No Comments

A recent decision of the Court of Appeal has provided further guidance on what is considered an “interest” in land for the purposes of the Land Acquisition (Just Terms Compensation) Act 1991 (the Act).

In Dial A Dump Industries Pty Ltd v Roads and Maritime Services [2016] NSWCA 73 the Court of Appeal dismissed an appeal by Dial A Dump Industries (Dial A Dump) from the decision of the Land and Environment Court  in Dial A Dump Industries Pty Ltd v Roads and Maritime Services [2016] NSWLEC 39 dismissing its claim for compensation under the Act for the compulsory acquisition of the Alexandria Landfill site.

Land and Environment Court Decision

Land at St Peters was compulsorily acquired for the WestConnex Motorway in December 2014.

Section 37 of the Act provides that an owner of an interest in land that was divested, extinguished or diminished by compulsory acquisition is entitled to compensation.  The registered owner of the acquired land was Alexandria Landfill Pty Ltd, the land was leased to Boiling Pty Ltd (Boiling) and Dial A Dump used the land to operate a land fill.  Dial A Dump asserted that it had permission to use and occupy the land to operate a landfill and carry out crushing, grinding and separating works and commenced proceedings under s 67 of the Act to challenge the rejection of its claim for compensation by the acquiring authority.

Dial A Dump claimed it had an interest in the land being an equitable or legal interest or a right, power or privilege over the land at acquisition.

Boiling operated the Dial A Dump Industries Trust and a key issue in the case was whether Dial a Dump had an interest in land flowing from the trust.

The Court held that Dial A Dump did not have an equitable interest flowing from the trust as it did not have any beneficial interest in the lease of Boiling or any proprietary interest in the assets of the trust.  Nor did Dial A Dump have any legal interest in the land flowing from any permission to occupy the land to carry out commercial operations.  No proprietary interest arose from any permission to use the land as the permission was personal.  That personal permission did not amount to a proprietary or quasi proprietary right and as such could not amount to a right, power or privilege of the land.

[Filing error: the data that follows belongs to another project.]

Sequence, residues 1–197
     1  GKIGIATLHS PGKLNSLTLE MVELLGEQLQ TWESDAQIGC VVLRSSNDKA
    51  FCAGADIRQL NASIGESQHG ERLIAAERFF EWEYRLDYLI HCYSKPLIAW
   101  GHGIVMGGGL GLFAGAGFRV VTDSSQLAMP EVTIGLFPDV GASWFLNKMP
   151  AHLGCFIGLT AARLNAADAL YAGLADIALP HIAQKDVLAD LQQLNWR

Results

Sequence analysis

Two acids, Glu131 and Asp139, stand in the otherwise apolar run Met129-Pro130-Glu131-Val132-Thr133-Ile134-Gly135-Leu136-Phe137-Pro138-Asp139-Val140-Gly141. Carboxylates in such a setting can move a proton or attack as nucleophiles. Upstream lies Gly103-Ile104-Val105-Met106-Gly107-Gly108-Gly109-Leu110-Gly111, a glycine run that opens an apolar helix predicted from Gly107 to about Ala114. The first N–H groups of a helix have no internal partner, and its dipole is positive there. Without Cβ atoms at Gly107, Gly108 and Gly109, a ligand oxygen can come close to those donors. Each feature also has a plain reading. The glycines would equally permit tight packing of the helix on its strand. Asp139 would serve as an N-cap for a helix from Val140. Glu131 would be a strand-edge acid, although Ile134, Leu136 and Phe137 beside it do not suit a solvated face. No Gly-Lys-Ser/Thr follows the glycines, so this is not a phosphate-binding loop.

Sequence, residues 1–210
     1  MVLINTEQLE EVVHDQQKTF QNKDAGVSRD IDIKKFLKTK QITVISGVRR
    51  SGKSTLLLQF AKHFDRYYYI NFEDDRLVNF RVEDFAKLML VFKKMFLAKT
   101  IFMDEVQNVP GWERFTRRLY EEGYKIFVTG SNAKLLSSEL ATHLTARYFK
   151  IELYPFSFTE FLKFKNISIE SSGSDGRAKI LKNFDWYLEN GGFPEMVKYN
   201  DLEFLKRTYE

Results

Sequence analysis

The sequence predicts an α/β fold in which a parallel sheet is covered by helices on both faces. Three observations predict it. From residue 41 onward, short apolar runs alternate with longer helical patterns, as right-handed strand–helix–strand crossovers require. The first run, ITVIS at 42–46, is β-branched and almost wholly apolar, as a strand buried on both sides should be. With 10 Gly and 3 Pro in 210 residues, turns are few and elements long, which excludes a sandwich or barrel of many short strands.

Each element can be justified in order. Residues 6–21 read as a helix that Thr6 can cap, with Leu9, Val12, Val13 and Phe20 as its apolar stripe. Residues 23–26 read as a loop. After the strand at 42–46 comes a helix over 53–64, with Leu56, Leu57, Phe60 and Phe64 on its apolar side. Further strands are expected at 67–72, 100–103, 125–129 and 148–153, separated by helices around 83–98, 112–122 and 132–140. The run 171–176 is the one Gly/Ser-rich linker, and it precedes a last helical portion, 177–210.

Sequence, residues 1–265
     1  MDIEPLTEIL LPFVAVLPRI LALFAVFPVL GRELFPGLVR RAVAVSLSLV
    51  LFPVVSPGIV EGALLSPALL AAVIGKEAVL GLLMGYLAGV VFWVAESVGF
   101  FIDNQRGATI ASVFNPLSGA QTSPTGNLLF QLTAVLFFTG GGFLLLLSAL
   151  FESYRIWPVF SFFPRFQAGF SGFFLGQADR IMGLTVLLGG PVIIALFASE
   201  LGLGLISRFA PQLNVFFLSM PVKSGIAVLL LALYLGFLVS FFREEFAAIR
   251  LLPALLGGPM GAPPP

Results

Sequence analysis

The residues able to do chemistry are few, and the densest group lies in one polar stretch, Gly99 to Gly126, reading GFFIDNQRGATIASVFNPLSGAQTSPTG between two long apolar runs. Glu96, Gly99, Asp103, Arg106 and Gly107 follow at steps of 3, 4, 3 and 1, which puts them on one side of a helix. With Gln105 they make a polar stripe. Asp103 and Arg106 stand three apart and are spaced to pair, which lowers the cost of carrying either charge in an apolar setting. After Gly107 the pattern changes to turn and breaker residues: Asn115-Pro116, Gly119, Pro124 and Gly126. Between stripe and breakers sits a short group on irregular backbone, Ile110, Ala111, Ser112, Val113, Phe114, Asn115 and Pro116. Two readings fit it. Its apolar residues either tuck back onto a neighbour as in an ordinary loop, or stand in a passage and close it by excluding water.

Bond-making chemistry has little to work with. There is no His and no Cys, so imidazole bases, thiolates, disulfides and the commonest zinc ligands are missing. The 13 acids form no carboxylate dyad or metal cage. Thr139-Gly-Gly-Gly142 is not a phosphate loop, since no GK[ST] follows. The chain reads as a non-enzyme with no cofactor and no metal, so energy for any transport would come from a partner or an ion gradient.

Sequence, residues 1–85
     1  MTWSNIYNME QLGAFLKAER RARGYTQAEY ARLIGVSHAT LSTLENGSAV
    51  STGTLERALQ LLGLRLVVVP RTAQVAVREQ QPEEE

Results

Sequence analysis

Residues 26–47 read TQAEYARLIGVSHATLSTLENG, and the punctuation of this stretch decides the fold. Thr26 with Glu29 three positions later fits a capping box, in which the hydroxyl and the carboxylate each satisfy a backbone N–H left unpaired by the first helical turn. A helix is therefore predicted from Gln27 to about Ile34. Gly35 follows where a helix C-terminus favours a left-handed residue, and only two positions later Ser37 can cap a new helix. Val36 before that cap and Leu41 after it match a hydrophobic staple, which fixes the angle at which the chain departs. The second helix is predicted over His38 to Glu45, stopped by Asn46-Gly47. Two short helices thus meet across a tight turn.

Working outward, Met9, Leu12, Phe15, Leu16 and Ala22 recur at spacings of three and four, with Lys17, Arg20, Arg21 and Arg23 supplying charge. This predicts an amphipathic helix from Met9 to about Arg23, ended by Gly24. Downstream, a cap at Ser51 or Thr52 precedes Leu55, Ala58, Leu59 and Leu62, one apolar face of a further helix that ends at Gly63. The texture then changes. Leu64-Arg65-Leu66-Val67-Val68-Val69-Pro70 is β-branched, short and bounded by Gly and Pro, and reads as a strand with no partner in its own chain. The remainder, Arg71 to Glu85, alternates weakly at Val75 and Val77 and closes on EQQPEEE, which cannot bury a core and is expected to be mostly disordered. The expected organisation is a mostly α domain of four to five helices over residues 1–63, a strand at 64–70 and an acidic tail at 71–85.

The Court of Appeal Decision

Dial A Dump appealed to the Court of appeal for determination on whether the Judge in the Land and Environment Court decision erred in in finding that Dial A Dump did not have an interest in the land.

The Court of Appeal found that Dial A Dumps’ rights with respect to the land i.e. the permission to use and occupy the land as well as carry out work upon it did not give rise to a legal or equitable interest of that nature.  The manner in which the three companies arranged their business activities supported the finding of the court that no legal or equitable interest arose.

As part of the appeal the Court was also asked to consider whether any such right, power or interest of the over the land must be proprietary or quasi proprietary in nature as held in previous cases.  Beazley P and McColl JA agreed in finding that it need not be, whilst Leeming JA did not find it necessary to answer the question.

Impact of Decisions

The decision provided further clarity on the type of “interest” in land will not be considered to amount to a legal or equitable interest, and as a result, need not be compensated.  This decision will likely affect the way that companies organise their business activities to ensure that the company using and operating on the land will be considered to have an interest.